This week among the items in my email file, I found a request from a fan in Arizona. She lives in Anthem where they have formed a nonprofit which provides assistance for folks in need in the area. Their primary fundraiser is something called “Purses with a Purpose.” It’s a gala where they auction off “gently used” purses and they were hoping to have a purse or two from what they referred to as “notable Arizona women.” My first thought was that I didn’t have any gently used purses, but then I remembered that black, two-handled, strapless one. I didn’t love it but I could never quite find it in my heart to send to Goodwill.

So I let them know that I’m in, and so is that two-handled, low-mileage Brahmin purse. I doubt the warranty is still in effect, but I hope whoever buys it at the auction likes it and gets years of use out of it. I’m here to tell you, those things are virtually indestructible. And I hope the ladies running the auction tuck a copy of this blog inside the purse when it goes up for sale. Whoever buys it should at least know the back story.

And I’m happy to say that the purse I never liked very much will definitely be a purse with a purpose.

33 thoughts on “What’s In A Purse

  1. I am impressed! I had no idea that so much could be said about purses and their purchase. I do admit, though, that I once bought a purse purely because I liked it. It too was expensive, and I never used it much, but to this day I still like looking at it.

    Your mention of Nordstoms reminded me of a colleague I greatly admired, now dead. She too shopped at Nordstrom’s. Before I met her, I had never heard of the company. So, thanks for the memories.

    I have just finished Missing and Endangered. As usual, you kept me reading. I did wonder though why Johanna did not turn to Ali for help in tracking down the predator. It was nice, however, to read something positive about the FBI for a change.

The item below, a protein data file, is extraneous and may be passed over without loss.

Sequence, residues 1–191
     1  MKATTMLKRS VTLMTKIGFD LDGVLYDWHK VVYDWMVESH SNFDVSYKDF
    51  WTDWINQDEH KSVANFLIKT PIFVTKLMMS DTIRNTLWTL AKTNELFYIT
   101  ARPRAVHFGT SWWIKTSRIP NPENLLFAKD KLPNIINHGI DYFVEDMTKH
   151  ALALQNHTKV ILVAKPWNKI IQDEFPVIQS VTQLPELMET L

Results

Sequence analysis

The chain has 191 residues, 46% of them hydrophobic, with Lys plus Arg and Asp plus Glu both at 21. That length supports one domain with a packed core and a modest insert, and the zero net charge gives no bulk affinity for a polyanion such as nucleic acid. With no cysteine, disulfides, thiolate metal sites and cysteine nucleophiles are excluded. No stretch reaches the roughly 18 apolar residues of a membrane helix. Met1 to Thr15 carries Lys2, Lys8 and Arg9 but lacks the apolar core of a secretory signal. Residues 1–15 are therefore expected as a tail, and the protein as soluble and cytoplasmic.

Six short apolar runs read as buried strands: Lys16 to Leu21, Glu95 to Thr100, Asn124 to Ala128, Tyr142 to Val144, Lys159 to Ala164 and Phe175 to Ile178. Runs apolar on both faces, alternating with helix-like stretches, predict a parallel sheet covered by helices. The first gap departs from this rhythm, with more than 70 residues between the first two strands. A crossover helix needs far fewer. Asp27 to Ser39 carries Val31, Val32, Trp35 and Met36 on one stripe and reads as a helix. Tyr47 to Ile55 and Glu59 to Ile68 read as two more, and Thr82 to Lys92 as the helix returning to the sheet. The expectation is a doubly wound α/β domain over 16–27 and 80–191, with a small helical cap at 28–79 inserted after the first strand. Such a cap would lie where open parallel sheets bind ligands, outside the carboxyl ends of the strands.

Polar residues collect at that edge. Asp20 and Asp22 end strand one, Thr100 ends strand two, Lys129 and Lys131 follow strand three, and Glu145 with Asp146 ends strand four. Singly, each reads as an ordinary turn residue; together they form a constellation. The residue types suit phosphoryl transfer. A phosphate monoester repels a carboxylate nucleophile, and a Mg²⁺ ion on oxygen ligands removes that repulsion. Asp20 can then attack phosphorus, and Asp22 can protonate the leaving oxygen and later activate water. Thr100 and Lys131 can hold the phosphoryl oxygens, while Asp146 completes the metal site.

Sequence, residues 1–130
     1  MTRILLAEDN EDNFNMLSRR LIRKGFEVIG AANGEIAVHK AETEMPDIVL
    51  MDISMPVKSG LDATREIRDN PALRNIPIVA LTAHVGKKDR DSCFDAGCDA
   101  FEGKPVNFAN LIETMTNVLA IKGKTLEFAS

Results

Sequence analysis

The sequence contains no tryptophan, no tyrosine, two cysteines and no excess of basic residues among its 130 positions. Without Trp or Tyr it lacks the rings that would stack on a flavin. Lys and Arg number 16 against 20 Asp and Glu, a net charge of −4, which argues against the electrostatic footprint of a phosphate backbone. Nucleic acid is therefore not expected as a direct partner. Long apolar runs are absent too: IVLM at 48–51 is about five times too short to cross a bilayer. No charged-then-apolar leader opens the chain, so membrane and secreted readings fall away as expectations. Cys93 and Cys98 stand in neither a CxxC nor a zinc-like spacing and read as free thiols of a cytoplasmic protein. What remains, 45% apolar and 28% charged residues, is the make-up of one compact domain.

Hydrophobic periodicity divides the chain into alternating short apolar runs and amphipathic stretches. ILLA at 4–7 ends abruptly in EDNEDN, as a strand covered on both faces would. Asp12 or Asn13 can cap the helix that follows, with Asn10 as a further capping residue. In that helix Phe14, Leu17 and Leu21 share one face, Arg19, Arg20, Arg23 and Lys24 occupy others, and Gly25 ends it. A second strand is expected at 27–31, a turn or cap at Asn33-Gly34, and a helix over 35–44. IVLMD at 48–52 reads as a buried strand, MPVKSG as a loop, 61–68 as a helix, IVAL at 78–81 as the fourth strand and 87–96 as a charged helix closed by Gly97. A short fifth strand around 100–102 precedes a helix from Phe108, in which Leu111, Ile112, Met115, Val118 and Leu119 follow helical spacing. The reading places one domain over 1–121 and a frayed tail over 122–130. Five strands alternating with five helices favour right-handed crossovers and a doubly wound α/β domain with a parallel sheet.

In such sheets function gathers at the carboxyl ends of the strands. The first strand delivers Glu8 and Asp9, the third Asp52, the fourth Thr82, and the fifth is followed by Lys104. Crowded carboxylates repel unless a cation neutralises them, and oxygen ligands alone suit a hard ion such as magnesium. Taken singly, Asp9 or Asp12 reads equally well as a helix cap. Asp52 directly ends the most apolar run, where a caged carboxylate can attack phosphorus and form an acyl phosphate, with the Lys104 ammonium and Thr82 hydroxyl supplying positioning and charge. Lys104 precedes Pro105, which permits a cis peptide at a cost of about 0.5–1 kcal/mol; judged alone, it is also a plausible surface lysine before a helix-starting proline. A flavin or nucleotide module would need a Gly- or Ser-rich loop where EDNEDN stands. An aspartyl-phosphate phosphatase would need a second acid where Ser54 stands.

Thank you for hours of reading pleasure

  2. When my wife cannot find her keys, I always say “Look in all of your purses” and that usually solves the problem.

  3. My late hubby always teased me about the size of my purse, and occasionally told friends I even had the refrigerator in there. On a vacation with my mom along, she noted our conversation with interest. “Do you have a kleenex?” I pull one from said purse. Later, “Do you have an aspirin?” After a bit if shopping, “Will you put this in your purse?” After several more requests, my mom was laughing and threatening to buy him a purse of his own.

  4. My bride of 55 years had the same love of Coach Purses passed on from her mother Beatty a classy Lady. New Leather of the quality that is in higher end purses has a smell that reminds you of that person even though the may be deceased 3 or 15 years. thank you for Causing me to do that act 5 minutes ago. Thank you for the stimulating thoughts in these ‘trying times’ not only in you blog but causing me to have to go to Google dictionary While reading HOTH [aquired thru the interlibrary loan Here in Tacoma. Aloha From Chuck in Tacoma/

    • HOTH. That started as family shorthand with UPG. Now it’s everywhere. Made me smile.

      • neat when I am able to make you smile. Also got M&E from Wheelock library. Aloha from Chuck in T

  5. Some years ago I fell in love with the quilted Chanel purses with chain shoulder strap. I bought four—tan, light tan, blue and blue patent. Each were copies, of course, and around $35. They have lasted for years. For traveling I always had a large bag that held a lot more. As I traveled mostly space available as an airline pilot’s wife I had to be prepared to be “bumped”. Be prepared is my motot.

  6. I gave up the purse about 9 years ago when I found a phone case with a cross body strap with a beaded dragonfly on the front at the Sawdustfest in Laguna Beach. This beauty was made by a local artist has two pockets, one for my phone and one for my driver’s license, bank card, credit card, a few folded bills and my small chapstick.
    For years I suffered from back and neck pains and was told to stop carry a “suitcase” so this solved the problem till a couple of weeks later and we attended the 4th of July parade.
    Like usual my family started handing me stuff, like candy, and stickers thrown from the floats, advertising leaflets handed out, extra bottles of water, even a sunscreen tube …. Where to put all this junk? Luckily someone came down the parade route handing out reusable shopping bags and I took one and filled it up. On the way back to the car I handed the bag off to my kid who commented how heavy the bag was, yes I replied that is the weight I carry each time we go somewhere.